is something new, they are confident in their ability to put on this performance. They have not only been practicing for multiple weeks, but also some students, like junior Tom Zhang, who is the treasurer for the club, are experienced dancers who can help teach and lead the other members. “I learned how to dance five years ago. Since then, every year I would do about 5 or 6 dance performances,” Zhang said. However, he knows that learning how to dance is not as easy as it seems. “I started dancing because my friend wanted me to dance with him, but at the time I couldn’t dance, so I learned how to,” Zhang states. “At that time, I thought dance was hard.” Despite that, he is confident that both the experienced and inexperienced dancers in the Chinese Club will be well prepared for the show. Although he is confident, he has some personal worries. “I’m only a bit nervous because this is the first time I will have danced in America,” said Zhang. He is not sure how the American crowd will differ those in China that he is used to. There has been also some talk on how they will differ from a bigger club that also represents Asian culture, Asian Pacific Education Exchange (APEX). However, Chinese Club members say not to worry. “APEX is pretty different from this club,” Liu said. “Of course, APEX is way bigger, but we just started this year so we will bring new things. Our lion dance will be way different.” Both clubs are planning on bringing exciting performances to the show, hoping that the audience will enjoy them.
Opinion The Student Publication of Huron High School
Adviser Sara-Beth Badalamente
Editor-in-Chief Kara Kozma
Staff Editors Jack Harrison Julie Heng Sami Ruud
Staff Designers Louise Depa Jack Harrison Julie Heng Kara Kozma Samantha Ruud Alyssa Salamin David Shen Cierra Slater
Staff Writers Helen Abraha Leonardo Aguirre Austin Aldrich William Beaune Keven Cerda Kade Cupp Louise Depa Keiyon Fifer Jessica Fraser Daulton Meadows Daniel Middaugh Johannah Mogbo Eli Nelson-Ulsh Manit Patel Niya Phillips Jazlyn Rhodes Richarra Roach Cheyanne Roy Alyssa Salamin Zoey Schaap David Shen Cierra Slater Shannon Stocking Johan Villalobos Calderon George White La’Taiya Wilson
The Emery Staff Policy The Emery is a newspaper produced by and for the students of Huron High School. The Emery exists to inform and entertain the student body by producing quality content on a variety of school, community, national, and international issues. We at The Emery aim to improve ourselves as writers, thinkers, and communicators serving communities to which we belong, and we strive to maintain the highest degree of journalistic integrity. All opinions pieces published by The Emery reflect only the views of their authors, not those of the adviser, editor-in-chief, editorial board, or other staff members. The Emery achieved a Gold Ranking in the Spartan Critique for the 2016-2017 and 2017-2018 academic years. The Emery is a member of the Michigan Interscholastic Press Association, the National Scholastic Press Association, and the Journalism Education Association.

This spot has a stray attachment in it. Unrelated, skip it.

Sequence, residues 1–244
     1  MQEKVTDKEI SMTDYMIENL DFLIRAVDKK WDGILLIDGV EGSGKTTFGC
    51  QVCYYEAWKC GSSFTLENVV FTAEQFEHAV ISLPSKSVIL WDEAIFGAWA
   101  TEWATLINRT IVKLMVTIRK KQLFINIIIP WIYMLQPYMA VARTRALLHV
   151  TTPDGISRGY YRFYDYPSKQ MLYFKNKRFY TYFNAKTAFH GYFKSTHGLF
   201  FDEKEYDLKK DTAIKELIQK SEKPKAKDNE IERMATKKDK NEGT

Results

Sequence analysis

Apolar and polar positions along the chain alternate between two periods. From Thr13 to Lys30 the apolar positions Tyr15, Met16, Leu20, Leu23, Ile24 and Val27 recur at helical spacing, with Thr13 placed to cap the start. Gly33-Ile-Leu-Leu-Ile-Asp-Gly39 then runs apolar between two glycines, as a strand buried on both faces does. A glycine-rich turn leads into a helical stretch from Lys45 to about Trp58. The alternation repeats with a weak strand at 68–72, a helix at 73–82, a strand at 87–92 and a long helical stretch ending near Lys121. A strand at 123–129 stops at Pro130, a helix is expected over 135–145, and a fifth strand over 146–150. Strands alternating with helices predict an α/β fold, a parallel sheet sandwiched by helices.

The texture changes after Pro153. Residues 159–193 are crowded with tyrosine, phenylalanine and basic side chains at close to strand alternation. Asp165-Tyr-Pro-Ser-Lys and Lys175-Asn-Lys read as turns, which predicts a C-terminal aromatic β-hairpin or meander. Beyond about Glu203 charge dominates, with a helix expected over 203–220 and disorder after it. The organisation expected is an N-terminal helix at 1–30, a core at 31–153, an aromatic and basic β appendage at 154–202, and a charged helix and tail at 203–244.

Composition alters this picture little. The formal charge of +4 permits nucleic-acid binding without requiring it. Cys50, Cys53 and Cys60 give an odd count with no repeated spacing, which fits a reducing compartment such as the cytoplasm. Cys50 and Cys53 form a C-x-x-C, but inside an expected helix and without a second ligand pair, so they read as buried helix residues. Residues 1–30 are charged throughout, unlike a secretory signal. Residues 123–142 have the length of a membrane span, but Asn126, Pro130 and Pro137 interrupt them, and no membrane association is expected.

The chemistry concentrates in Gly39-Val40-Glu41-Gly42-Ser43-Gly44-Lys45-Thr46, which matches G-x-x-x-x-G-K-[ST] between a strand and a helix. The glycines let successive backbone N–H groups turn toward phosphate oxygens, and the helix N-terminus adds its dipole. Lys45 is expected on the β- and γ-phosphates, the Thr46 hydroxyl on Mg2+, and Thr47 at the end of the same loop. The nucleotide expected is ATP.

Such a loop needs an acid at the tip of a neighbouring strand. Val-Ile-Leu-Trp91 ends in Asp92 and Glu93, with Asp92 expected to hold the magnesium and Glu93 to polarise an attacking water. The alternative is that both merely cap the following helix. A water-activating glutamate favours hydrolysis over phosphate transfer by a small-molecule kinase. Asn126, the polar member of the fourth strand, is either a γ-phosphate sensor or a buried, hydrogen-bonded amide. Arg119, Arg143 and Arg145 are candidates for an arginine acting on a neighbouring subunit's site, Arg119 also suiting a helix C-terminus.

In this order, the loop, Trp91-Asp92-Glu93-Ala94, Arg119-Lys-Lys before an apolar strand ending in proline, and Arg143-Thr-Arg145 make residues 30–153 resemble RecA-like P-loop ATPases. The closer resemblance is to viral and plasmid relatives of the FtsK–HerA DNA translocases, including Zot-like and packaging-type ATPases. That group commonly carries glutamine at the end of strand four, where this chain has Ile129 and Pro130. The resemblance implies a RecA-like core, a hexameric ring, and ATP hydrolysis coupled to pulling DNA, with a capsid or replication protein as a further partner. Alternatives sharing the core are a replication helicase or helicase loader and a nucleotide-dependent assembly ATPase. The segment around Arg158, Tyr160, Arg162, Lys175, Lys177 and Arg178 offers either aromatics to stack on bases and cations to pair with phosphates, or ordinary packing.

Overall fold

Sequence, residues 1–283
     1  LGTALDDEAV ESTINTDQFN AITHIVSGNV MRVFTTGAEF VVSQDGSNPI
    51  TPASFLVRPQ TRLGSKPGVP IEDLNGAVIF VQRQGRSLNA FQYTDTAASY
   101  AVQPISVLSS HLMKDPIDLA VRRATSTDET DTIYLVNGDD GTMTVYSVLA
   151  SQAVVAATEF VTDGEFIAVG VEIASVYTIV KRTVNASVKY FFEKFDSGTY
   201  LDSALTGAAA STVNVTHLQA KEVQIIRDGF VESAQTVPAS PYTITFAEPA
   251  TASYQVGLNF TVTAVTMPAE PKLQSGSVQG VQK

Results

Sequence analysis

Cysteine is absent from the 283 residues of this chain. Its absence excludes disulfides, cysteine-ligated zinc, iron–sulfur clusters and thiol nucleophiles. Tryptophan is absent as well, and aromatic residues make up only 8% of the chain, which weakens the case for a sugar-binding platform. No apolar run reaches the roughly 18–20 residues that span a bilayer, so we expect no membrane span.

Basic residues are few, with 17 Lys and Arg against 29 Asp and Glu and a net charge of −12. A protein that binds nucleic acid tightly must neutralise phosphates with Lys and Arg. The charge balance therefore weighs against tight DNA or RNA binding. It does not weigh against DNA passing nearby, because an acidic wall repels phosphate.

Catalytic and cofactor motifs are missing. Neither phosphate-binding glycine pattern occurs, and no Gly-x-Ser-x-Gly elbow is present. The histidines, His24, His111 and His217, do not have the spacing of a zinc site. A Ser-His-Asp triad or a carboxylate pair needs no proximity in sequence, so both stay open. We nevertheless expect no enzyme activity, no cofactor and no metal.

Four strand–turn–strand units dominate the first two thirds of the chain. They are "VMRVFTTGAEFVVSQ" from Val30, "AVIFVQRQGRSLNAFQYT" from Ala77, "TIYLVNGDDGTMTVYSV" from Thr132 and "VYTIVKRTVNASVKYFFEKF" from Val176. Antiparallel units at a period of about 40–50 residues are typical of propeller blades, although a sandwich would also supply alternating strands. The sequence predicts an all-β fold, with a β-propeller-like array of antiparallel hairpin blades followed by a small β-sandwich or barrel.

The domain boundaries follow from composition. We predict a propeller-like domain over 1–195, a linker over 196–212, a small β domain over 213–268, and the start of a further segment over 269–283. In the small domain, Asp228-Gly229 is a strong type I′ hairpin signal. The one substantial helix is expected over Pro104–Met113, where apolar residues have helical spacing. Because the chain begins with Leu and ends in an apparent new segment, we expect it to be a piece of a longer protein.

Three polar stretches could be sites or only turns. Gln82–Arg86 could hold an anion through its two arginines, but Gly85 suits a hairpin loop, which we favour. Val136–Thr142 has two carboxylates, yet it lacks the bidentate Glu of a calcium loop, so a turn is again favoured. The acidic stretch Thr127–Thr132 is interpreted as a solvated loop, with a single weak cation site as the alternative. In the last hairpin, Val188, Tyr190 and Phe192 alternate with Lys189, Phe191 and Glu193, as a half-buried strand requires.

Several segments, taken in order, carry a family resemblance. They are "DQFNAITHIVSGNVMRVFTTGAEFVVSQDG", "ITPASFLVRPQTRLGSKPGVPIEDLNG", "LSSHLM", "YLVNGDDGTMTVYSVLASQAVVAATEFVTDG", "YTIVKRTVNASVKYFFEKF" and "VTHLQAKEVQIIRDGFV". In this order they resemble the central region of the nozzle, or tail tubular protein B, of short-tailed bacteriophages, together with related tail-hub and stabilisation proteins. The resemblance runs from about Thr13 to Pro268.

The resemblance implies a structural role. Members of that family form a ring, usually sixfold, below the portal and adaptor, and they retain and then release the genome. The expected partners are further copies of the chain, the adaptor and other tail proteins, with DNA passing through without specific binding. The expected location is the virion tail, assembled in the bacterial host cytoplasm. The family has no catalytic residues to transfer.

The Senate after midterms: where does America go next? Conservative Corner Jack Harrison | Staff Editor
Initial prediction (as of Nov. 5, 2018): Republican majority of 51 to 49 will increase to 53 to 47. Result: 5347 (Given Hyde-Smith wins runoff). The media has portrayed the latest midterm elections as a huge victory for the Democratic Party. But this isn’t the full story. Typically, the sitting party in power loses two to three senate seats. But the Republicans actually gained seats. By holding the senate, it prevents President Trump from any impeachment votes initiated by the House Democrats. But more importantly, President Trump can continue his successful agenda of judicial appointments in many circuit courts and potentially in the Supreme Court. He can also appoint new members of his cabinet, as Attorney General Jeff Sessions has already resigned, though his absence is unfortunate because of the immigration progress he made. Furthermore, the senate results demonstrate the power of the “Trump Effect.” In the key Senate races where President Trump campaigned, Florida, North Dakota, Missouri and Indiana, the seats flipped, as the candidates embraced his national platform. Perhaps, maybe he should have gone to Arizona and Nevada, more moderate areas which flipped to Democrats. Prediction: I do think the House will go to the Democrats, since many candidates are up for election in districts where Clinton won. The seats in California, Georgia, Kentucky, Michigan and North Carolina will be where the House is decided. Result: Of the seven undecided districts, Democrats won 37 house seats doing well in these states. I acknowledge that this is a succesful number which could climb. But remember, Obama lost 51 seats in 2010, so the Republicans’ loss in nowhere near Obama’s. Aside from negativity about Trump, many of the Democratic candidates were quite moderate, not talking about impeaching Trump and actually talking about issues. Some even vowed